Here’s some stuff I’ve been working on in AI.

# A Thousand Plateaus

A Thousand Plateaus by Gilles Deleuze & Felix Guattari
“The question is not: is it true? But: does it work? What new thoughts does it make possible to think? What new emotion does it make possible to feel? What new sensations and perceptions does it open in the body?” Brian Massumi, translator.
There is no way to “review” this book, any more than there is a way to review the experience of witnessing sunlight over the course of one’s life.

# Binet's Formula

This proof was shared with me by my friend Chuck Larrieu Casias, and I liked it so much I wanted to write it up here.
Suppose we have two similar rectangles, $A$ and $B$. Let $A$ have sides $a$ and $b$, and $B$ have corresponding sides $b$ and $a+b$.
Then $\frac{b}{a} = \frac{a+b}{b}$. Also, $\frac{b}{a} = \frac{a}{b} + 1$.
Call $\phi = \frac{b}{a}$. Then $\phi = \frac{1}{\phi} + 1$.
Multiply both sides by $\phi$ to get $\phi^2 = \phi + 1$.

# Data experience design

What signals should we attend to when studying a system? If we capture everything, how will we filter out the noise to listen to what matters? How do we know what matters? Does that change over time? How will we engage with what matters? Will it be on single metric? A two-dimensional chart? A 3D display? A 3D display that moves with color and sound adding further dimensional context?
These are the questions I think throughout my days with, until now, little context for exploring their histories and futures in the broader scope of analytics, interaction design, human computer interaction, and feminist computing.

# Godel, Escher, Bach

Oh my, this book is every bit as delightful as I had imagined it would be.
To be clear, I had slated this book as my “summer” read, imagining I would have stolen myself to an island somewhere to curl up alongside this book. But life found me in a data engineering fellowship in Palo Alto instead, drinking an endless stream of La Croix (La Croixes?) whilst building streaming pipelines and occassionaly drawing inspiration from the large bronze statue of Nikola Tesla that stood outside the office.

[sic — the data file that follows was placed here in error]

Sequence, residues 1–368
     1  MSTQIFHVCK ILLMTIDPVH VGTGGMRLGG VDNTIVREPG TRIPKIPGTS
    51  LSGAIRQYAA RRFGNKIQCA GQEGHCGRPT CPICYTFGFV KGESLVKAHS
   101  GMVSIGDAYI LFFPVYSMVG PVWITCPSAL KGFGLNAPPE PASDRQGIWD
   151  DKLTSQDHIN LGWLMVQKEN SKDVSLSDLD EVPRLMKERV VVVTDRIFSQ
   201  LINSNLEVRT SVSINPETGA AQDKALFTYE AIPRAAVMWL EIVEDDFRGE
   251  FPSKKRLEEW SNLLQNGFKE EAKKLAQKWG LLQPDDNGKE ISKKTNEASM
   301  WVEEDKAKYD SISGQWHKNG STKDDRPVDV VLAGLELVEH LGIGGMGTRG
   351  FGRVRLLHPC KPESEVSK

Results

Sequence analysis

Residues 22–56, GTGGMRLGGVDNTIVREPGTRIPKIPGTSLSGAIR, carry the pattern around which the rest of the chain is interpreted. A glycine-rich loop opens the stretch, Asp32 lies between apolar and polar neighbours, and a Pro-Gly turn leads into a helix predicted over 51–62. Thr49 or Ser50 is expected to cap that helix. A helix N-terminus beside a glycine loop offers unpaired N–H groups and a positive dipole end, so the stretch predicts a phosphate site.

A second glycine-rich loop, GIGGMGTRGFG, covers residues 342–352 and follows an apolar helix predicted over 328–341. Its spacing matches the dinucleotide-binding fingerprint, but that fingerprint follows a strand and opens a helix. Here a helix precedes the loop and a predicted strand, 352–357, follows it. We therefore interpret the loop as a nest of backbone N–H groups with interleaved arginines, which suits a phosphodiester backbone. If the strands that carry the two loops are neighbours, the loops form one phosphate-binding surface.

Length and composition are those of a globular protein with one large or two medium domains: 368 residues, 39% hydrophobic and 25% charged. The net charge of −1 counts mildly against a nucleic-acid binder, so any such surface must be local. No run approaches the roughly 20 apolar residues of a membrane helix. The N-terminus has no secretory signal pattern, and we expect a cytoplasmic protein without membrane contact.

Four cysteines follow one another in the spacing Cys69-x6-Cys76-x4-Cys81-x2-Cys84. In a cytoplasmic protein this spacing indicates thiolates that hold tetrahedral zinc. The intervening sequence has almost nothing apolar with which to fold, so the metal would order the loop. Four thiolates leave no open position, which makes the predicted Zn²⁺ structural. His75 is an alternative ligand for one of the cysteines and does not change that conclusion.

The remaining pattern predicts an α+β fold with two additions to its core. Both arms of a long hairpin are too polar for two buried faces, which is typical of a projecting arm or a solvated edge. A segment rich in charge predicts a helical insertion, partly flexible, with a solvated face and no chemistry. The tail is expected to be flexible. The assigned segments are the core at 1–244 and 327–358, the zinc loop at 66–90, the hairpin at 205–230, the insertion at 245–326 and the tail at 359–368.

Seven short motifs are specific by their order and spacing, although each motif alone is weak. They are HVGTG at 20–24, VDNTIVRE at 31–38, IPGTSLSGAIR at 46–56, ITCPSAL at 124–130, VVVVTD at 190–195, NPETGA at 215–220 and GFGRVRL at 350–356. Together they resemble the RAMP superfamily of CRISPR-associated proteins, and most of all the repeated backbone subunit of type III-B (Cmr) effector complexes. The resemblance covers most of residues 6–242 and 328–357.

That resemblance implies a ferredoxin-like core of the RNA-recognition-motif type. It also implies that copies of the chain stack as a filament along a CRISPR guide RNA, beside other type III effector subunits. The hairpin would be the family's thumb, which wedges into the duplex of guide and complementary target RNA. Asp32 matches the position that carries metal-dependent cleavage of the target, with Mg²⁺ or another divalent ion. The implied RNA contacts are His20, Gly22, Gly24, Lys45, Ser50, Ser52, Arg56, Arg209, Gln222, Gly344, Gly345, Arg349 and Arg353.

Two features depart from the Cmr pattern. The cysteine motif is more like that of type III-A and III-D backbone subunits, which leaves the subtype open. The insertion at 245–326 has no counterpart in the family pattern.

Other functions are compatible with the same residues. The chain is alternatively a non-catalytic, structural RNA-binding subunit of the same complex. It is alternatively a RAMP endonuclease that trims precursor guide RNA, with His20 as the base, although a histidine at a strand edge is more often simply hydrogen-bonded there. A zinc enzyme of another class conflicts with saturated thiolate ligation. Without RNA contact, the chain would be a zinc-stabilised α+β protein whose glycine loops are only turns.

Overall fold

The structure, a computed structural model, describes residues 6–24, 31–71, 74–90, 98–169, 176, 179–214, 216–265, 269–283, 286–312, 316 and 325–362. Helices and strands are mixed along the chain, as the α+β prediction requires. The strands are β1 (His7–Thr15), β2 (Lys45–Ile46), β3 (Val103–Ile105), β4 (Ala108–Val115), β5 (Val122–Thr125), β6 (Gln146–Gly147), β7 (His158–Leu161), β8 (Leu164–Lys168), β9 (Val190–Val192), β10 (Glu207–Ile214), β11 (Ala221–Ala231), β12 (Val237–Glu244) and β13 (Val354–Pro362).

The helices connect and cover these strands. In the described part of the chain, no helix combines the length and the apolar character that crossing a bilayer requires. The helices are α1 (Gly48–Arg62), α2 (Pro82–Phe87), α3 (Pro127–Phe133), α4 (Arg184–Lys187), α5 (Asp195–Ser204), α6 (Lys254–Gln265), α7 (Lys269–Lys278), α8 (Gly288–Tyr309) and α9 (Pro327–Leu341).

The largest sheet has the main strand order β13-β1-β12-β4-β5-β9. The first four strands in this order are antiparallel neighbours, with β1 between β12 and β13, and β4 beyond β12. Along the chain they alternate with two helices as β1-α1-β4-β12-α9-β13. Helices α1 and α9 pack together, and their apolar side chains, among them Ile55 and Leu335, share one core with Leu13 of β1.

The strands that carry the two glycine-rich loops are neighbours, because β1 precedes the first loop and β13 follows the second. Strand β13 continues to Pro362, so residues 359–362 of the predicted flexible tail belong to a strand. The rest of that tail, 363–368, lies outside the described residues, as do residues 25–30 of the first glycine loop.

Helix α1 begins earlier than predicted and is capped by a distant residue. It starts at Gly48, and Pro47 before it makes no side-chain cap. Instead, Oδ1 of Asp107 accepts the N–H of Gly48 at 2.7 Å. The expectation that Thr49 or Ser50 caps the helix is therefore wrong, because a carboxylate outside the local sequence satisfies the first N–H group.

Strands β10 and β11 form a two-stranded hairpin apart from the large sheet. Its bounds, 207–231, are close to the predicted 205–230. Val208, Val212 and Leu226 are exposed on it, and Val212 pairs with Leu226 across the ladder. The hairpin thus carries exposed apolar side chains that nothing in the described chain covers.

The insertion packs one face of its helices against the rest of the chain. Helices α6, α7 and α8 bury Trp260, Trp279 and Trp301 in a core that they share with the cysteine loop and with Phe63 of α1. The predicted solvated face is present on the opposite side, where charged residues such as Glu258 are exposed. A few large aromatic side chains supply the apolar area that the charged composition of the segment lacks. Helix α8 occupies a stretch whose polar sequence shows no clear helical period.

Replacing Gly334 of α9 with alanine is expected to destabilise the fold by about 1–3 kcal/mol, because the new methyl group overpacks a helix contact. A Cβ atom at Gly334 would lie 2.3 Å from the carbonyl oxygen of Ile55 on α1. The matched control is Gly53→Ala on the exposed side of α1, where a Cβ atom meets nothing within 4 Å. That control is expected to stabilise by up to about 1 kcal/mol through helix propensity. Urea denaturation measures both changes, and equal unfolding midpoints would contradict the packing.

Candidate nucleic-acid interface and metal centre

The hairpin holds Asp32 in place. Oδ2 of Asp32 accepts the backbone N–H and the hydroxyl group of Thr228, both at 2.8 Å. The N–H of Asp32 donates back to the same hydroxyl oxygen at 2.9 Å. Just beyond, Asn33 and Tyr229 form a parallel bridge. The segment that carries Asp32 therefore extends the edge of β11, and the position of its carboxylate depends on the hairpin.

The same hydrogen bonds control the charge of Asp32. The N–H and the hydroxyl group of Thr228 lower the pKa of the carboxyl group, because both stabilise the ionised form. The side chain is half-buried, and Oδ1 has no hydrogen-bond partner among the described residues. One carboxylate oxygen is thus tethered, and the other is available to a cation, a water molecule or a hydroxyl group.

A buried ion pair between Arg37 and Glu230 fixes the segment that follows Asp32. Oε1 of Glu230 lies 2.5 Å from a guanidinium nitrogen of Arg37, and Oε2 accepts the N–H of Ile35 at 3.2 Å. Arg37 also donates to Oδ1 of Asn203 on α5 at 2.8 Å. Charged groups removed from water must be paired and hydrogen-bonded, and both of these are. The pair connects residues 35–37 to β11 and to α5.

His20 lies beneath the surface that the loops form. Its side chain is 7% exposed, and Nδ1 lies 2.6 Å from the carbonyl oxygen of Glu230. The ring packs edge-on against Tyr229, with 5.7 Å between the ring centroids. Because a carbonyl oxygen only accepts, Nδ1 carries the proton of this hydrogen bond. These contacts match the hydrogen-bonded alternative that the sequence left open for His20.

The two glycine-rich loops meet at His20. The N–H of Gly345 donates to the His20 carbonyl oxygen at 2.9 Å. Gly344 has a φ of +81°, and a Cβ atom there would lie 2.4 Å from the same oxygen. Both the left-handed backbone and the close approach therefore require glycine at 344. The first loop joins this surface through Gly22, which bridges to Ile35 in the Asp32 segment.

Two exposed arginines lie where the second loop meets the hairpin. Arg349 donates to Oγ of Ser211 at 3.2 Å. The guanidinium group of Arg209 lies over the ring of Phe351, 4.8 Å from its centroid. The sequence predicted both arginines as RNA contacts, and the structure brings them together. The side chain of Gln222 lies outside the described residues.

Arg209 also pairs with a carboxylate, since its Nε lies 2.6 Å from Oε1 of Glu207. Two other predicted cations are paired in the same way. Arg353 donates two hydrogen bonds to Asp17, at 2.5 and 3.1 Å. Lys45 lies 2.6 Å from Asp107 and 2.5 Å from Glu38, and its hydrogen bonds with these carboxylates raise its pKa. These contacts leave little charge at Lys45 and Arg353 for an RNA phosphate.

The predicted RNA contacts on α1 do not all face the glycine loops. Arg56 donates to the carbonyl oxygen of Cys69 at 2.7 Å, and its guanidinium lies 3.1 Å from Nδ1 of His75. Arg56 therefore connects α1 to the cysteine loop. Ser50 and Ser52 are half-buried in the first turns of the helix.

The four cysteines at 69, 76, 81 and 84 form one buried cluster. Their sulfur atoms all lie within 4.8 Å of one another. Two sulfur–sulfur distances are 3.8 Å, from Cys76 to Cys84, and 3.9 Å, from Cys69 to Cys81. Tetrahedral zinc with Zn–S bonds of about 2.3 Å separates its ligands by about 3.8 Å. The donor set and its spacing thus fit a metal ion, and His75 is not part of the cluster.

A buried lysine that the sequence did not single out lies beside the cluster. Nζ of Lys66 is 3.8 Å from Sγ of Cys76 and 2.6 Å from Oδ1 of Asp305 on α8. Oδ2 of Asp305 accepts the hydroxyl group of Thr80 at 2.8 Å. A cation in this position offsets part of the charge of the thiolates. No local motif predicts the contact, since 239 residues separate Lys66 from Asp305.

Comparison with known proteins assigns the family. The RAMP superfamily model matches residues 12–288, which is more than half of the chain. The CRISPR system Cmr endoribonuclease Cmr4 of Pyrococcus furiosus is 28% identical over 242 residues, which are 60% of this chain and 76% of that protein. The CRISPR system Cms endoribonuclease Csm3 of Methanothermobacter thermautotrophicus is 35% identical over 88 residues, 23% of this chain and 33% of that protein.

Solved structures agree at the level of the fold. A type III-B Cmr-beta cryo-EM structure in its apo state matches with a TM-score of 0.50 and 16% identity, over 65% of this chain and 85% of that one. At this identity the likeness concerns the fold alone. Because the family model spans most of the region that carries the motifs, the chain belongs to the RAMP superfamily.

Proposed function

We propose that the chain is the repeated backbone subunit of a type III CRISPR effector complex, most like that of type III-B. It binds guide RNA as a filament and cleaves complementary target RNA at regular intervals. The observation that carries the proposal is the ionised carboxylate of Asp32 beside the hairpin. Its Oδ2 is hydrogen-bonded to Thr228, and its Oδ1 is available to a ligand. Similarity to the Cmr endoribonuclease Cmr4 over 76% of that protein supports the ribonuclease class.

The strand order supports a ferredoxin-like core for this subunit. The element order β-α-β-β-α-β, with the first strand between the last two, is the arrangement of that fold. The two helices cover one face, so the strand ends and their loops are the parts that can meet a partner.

# Intersection of Convex Sets

Convex sets are interesting in the context of optimization, as they represent regions where we know we can find global minima. A convex region is a region where for every pair of points within the region, every point on the line that joins the points is also within the region.
Fun fact - the intersection of all convex sets containing a given subset A of Euclidean space, is called the convex hull of A, which is the smallest convex set containing A.

# Linear Algebra Basics

Useful terms and ideas diagonal matrix: Matrix with zero values except on the diagonal. change of basis matrix: Taking the product of this matrix provides a new basis, which is helpful to us if that basis transformation sets us up for an operation that requires the matrix to be in a particular form. For instance, a change of basis matrix could diagonalize the matrix, such as the choice of the orthogonal matrix as the change of basis matrix in PCA.

# Navier-Stokes Existence and Smoothness Problem

Let me say up front, I have not solved this problem, nor am I in the running. I came to math late in 2016 after a lifetime of music study, and while I am building a solid trellis upon which to grow my imagination, it will take me many years to capitalize on my potential. That being said, the Millenium Prizes are my one of my favorite sporting events, and the Navier-Stokes Existence and Smoothness Problem is my home team I’m rooting for to emerge next.

# Network Geometry

Network geometry is one of the topics that propelled me towards complexity research and machine learning. If we accept that interactions between agents in a networked system have themselves an impact on the dynamics of a system, it follows that we must investigate the emergence and charactertistics of these interactions. We start to wonder how we might reason about these system “overtones”.
I find Mulder & Bicaconi’s 2018 paper Network Geometry and Complexity to be a nice primer, so I’ll start there.

# Parrallelogram is convex

Let $S$ be the parallelogram consisting of all linear combinations of $t_{1}v_{1} + t_{2}v_{2}$ with $0 \leq t_{1} \leq $ and $0 \leq t_{2} \leq $, or equivlently $0 \leq t_{i} \leq $.
We remember that the line segment $PQ$ consists of all points $(1-t)P + tQ$ with $0\leq t \leq 1$, and that $PQ$ exists in vector space $S$ if all points $P, Q$ exist in $S$.
Proof. Let $P=t_{1}v_{1} + t_{2}v_{2}$ and $Q=t_{1}v_{1} + t_{2}v_{2}$ be points in $S$.

# Phenomenology of Perception

Phenomenology of Perception by Maurice Merleau-Ponty.
Originally printed in 1945 by Editions Gallimard, with English translation published in 1958 by Routledge & Kegan Paul. I am referencing the 2002 Routledge Classics edition.
Overview There are times in our lives when we notice the apparatus of our perception. Maybe we see a mirage emerge on the horizon, or grow determined to know why our ears are ringing. When we study such visual apparitions and sonic glitches, we align ourselves with generations of philosophers and cognitive scientists who have looked at perception’s outliers to help us understand what happens all along without our noticing.